A Wish for Christmas (2016)

wish-for-christmas

My wish for Christmas is for Hallmark to invest in solid holiday entertainment, movies that tell heartwarming stories we don’t usually hear, e.g. no getting stranded with hot guys, no wishing for hot boyfriends, no magical hot Santas (yes on the hot ghost though). I also wish for homemade Christmas cookies and a real, pint-sized tree, but I don’t think I’m getting any of those because it’s still 2016 and that’s how this year rolls. So for the time being, it’s back to my traditional December pastime – watching holiday movies while drunk revelers party at the corner bar outside my flat.

Surprisingly, I like the conceit of this latest TV romance. Hallmark looked deep into my soul, probably through my webcam, and determined that I’m sometimes a pushover, which is exactly how Lacey Chabert’s character describes herself. Sara, a web designer at a small company in Chicago, knows she needs to stand up to others, otherwise, she’ll be getting everyone’s morning coffee and ceding her ideas to her skeezy boss for the rest of her life. When she gets a wish from an office Christmas party Santa, she decides without hesitation that she wants courage, and I rejoiced for us both.

It didn’t last though. Sara does immediately find herself infused with daring and says some things that need to be said – to her best friend, to her skeezy boss, to her hot boss. She manages to take back credit for a project to improve a client’s online shopping business, earning her a trip to Seattle with hot boss (Paul Greene) to pitch the idea. At first, she’s taken aback by her own boldness but she likes this change and so do the people around her. Finding one’s voice, she discovers, earns you a lot more agency and respect. But there is of course a magic Santa and a catch. In 48 hours, her wish wears off, presumably leaving her to stumble back home in stockings while kicking bits of pumpkin.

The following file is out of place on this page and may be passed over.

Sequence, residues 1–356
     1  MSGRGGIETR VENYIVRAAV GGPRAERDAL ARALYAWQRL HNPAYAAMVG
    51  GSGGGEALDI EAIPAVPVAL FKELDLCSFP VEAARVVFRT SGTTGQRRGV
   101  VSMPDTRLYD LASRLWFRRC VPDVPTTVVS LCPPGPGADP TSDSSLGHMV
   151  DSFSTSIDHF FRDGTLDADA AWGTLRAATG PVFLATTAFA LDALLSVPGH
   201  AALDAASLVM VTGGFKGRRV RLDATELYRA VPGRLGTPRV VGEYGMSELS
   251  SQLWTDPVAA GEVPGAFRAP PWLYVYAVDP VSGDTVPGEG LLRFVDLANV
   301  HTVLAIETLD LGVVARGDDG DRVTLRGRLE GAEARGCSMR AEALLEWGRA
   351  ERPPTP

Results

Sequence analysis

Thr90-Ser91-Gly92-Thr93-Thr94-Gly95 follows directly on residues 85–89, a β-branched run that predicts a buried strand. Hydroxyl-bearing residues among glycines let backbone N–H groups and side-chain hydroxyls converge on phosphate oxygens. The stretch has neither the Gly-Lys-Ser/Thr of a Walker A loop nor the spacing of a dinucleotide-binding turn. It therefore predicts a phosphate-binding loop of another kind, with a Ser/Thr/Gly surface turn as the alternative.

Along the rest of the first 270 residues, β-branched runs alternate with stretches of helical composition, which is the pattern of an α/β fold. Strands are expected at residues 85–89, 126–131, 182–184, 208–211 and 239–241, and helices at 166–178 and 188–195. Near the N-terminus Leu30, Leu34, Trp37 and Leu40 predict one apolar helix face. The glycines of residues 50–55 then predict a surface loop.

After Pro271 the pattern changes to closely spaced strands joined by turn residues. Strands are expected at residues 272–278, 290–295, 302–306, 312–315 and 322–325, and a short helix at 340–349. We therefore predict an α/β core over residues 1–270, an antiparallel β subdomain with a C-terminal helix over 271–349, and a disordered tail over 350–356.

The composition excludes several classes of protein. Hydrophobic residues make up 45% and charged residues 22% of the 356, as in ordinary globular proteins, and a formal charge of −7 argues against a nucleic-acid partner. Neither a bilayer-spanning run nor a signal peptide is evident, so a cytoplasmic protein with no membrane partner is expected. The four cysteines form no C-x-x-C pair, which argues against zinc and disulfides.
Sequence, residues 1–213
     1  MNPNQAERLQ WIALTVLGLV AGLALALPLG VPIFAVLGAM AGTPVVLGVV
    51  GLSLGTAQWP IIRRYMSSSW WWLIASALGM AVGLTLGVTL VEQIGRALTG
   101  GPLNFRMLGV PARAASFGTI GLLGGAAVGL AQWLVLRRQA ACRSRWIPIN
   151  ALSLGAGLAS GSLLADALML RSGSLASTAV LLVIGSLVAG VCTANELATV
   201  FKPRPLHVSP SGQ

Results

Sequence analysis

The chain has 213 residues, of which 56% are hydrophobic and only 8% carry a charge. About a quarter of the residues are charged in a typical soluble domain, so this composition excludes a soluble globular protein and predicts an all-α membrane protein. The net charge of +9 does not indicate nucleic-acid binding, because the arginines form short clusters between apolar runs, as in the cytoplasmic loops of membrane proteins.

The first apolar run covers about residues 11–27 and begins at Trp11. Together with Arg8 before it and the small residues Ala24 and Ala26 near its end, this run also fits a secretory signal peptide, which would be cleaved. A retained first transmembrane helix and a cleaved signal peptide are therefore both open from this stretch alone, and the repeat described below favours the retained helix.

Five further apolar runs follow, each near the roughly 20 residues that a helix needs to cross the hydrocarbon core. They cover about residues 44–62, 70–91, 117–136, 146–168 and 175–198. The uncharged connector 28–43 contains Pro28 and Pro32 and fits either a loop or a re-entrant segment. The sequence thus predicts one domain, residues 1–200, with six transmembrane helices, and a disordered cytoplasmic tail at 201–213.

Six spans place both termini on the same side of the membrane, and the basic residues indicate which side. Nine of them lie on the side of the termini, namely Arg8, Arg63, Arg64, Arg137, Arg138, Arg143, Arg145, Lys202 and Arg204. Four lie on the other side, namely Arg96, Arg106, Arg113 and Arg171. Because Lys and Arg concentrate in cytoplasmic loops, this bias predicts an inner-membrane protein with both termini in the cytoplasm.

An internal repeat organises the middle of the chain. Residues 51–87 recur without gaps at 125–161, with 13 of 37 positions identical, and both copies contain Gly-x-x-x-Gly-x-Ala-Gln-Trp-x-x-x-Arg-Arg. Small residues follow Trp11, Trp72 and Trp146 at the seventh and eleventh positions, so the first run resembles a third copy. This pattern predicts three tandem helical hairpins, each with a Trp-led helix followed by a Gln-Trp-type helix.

If the threat of a return to passive Sara loomed larger, I might have been more invested in the story. Girl is on fire with all that confidence and I don’t want her to lose it. Chabert, who I’m generally indifferent to, lights up when her character’s laying it in to all the people who have taken advantage of her for years. But just when you think that’s the path they’re taking, the plot veers down another road. Soon the focus shifts from newfound boldness and introspection to the romance between Sara and her hot boss, Peter, and how she helps him overcome his own issues.

Her pressing timeline isn’t forgotten, but her transformation takes a backseat to Peter’s family problems and his need to reconcile with his father, whom he hasn’t spoken to in years. Sara and Peter’s business trip also becomes a measure of how his company is doing. That Sara’s fearlessness, and sometimes recklessness, is used to help and change others for the better carries with it a nice Christmas message, but it’s also not as inspirational as seeing her own her new personality. What would have really made me feel good was more of her sharp tongue and demand to be respected.

Watch a preview here, from the Hallmark Channel website.

Released: 2016
Dir: Christie Will
Writer: Helen Frost, David MacLeod
Cast: Lacey Chabert, Paul Greene, Andrea Brooks, Colleen Wheeler, Kendall Cross, Michael Ryan, Mark Brandon, Donna Benedicto, Jason McKinnon, Howard Storey, Brenda Crichlow
Time: 83 min
Lang: English
Country: United States
Network: Hallmark
Reviewed: 2016

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